NewsContact7

Actions

Littleton mom worried about safety due to lack of fencing at elementary school

Posted: 4:44 PM, Sep 10, 2019
Updated: 2019-09-10 21:18:46-04
mom fencing.png

Editor's note: Contact7 seeks out audience tips and feedback to help people in need, resolve problems and hold the powerful accountable. If you know of a community need our call center could address, or have a story idea for our investigative team to pursue, please email us at contact7@thedenverchannel.com or call (720) 462-7777. Find more Contact7 stories here.

LITTLETON, Colo. — The mother of a girl with autism is raising concerns about safety after noticing no fence separating the school grounds with a nearby park and busy street.

“I’m really scared,” mom Sara Lindholm told Contact7.

Lindholm’s 5-year-old daughter just started Kindergarten at the Centennial Academy of Fine Arts. She says her daughter has autism, which led to her concern about the lack of fence.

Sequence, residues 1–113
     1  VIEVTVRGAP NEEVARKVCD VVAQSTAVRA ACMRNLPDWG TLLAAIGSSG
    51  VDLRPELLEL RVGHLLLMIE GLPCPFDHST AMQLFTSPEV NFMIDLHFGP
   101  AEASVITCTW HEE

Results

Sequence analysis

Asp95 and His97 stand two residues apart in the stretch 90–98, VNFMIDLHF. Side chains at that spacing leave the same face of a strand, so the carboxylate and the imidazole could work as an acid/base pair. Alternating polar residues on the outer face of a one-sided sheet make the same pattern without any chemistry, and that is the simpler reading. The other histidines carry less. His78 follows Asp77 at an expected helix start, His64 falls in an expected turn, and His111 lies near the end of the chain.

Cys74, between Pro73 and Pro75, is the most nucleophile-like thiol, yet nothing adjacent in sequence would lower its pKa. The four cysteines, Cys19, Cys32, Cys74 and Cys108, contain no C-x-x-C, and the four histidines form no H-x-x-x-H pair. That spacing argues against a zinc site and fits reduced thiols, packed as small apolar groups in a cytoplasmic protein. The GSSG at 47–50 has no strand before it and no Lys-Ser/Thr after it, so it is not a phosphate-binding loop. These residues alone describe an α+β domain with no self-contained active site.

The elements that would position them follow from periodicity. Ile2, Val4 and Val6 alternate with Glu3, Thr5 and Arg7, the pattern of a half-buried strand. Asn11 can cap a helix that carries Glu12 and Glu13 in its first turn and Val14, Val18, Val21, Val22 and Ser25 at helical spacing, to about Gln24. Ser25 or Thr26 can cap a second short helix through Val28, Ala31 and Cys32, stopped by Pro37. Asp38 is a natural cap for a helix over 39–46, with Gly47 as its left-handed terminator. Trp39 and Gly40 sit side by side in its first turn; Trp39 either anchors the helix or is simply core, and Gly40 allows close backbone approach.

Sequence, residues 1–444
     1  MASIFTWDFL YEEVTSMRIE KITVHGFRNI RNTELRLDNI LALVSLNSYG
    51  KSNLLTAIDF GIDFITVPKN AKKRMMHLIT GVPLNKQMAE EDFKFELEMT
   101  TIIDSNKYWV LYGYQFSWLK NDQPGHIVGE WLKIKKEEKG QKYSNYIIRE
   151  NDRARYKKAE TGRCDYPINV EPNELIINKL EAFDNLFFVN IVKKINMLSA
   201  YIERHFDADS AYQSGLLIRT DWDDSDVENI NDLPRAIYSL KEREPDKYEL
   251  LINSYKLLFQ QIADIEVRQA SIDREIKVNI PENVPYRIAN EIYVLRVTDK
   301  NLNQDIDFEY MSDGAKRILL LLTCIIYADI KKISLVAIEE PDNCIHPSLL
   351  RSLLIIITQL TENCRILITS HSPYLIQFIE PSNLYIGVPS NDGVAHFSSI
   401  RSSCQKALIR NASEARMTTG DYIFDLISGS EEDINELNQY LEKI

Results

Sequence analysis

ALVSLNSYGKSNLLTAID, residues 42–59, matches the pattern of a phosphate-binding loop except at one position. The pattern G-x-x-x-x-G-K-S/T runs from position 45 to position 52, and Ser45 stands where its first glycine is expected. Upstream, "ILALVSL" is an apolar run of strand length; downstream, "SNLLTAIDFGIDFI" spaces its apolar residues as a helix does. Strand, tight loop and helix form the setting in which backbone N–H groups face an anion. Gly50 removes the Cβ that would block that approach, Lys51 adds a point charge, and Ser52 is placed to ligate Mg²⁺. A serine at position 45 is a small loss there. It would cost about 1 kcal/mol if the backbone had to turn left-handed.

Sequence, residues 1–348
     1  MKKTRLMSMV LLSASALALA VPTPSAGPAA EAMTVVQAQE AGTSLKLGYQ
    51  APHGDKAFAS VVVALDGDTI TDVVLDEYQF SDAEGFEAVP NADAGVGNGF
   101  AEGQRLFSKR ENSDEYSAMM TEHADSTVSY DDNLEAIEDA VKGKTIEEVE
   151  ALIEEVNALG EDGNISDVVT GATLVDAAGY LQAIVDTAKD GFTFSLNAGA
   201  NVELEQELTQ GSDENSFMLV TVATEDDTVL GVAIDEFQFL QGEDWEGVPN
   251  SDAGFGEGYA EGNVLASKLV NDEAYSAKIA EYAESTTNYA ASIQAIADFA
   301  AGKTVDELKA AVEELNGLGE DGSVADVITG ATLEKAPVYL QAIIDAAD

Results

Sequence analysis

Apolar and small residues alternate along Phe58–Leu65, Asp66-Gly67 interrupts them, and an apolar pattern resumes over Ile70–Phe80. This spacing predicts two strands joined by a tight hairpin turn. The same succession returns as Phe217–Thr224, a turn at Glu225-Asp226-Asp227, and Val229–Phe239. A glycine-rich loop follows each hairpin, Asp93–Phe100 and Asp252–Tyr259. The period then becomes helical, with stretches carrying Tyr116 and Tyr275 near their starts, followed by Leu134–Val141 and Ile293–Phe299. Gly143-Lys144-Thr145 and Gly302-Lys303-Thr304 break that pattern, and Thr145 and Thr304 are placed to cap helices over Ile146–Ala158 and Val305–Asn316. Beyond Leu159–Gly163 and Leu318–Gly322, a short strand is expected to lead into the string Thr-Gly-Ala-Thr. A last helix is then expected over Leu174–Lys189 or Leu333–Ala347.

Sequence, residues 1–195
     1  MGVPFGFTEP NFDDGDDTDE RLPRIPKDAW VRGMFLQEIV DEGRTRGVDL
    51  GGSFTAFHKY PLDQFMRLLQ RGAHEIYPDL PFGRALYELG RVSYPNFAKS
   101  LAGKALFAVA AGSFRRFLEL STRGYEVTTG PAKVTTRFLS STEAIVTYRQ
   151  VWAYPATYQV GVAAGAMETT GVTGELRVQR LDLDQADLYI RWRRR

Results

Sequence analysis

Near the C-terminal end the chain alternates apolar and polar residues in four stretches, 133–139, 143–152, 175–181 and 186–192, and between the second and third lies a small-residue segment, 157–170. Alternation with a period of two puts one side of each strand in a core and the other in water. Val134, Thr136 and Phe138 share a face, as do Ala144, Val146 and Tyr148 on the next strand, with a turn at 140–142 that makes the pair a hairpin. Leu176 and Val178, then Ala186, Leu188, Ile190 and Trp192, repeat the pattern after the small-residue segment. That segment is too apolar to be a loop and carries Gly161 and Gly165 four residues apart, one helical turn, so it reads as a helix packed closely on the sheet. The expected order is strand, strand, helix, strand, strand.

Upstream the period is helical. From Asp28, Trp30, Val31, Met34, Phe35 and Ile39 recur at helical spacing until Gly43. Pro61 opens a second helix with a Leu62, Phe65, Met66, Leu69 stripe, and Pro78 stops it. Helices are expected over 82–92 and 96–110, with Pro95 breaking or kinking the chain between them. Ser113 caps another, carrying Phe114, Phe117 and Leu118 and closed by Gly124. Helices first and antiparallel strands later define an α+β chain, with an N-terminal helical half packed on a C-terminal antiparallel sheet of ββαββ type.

“My little girl runs away. She, with autism, she takes off for no reason all the time and that scares me,” she said.

There is fencing that separates back yards of homes from the west side of the school, and a fenced in baseball diamond to the east. But there is no barrier between the playground and basketball court areas from neighboring Bowles Grove Park and Federal Boulevard beyond that.

Lindholm says she met with school officials to raise her concerns.

“They’ve been saying they’ve been fighting to get a fence for 10 years,” she said. “And that’s not acceptable when you border Federal Boulevard.”

A Littleton Public Schools District spokesperson responded to Contact7’s inquiries about those concerns, saying they were only brought to the district’s attention last week. That spokesperson added: “Moving forward, the possibility of adding a fence will be considered along with other capital needs identified throughout the district.”

Fences are recommended but not required by state law. Littleton Public Schools say adults supervise all elementary school students during recess and whenever students are in the playground areas.

“I have an autistic little girl. I am her voice. I cannot not say anything,” Lindholm said.